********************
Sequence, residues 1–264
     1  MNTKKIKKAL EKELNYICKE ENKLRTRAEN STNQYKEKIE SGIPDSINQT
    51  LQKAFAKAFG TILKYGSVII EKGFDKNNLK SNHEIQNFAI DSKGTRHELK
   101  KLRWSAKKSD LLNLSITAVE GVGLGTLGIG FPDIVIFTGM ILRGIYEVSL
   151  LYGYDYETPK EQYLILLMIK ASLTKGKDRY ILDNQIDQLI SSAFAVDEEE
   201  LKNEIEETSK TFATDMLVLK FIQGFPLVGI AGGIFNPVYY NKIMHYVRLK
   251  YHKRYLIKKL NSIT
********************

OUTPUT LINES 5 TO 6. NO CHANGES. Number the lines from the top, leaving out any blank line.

   151  LYGYDYETPK EQYLILLMIK ASLTKGKDRY ILDNQIDQLI SSAFAVDEEE
   201  LKNEIEETSK TFATDMLVLK FIQGFPLVGI AGGIFNPVYY NKIMHYVRLK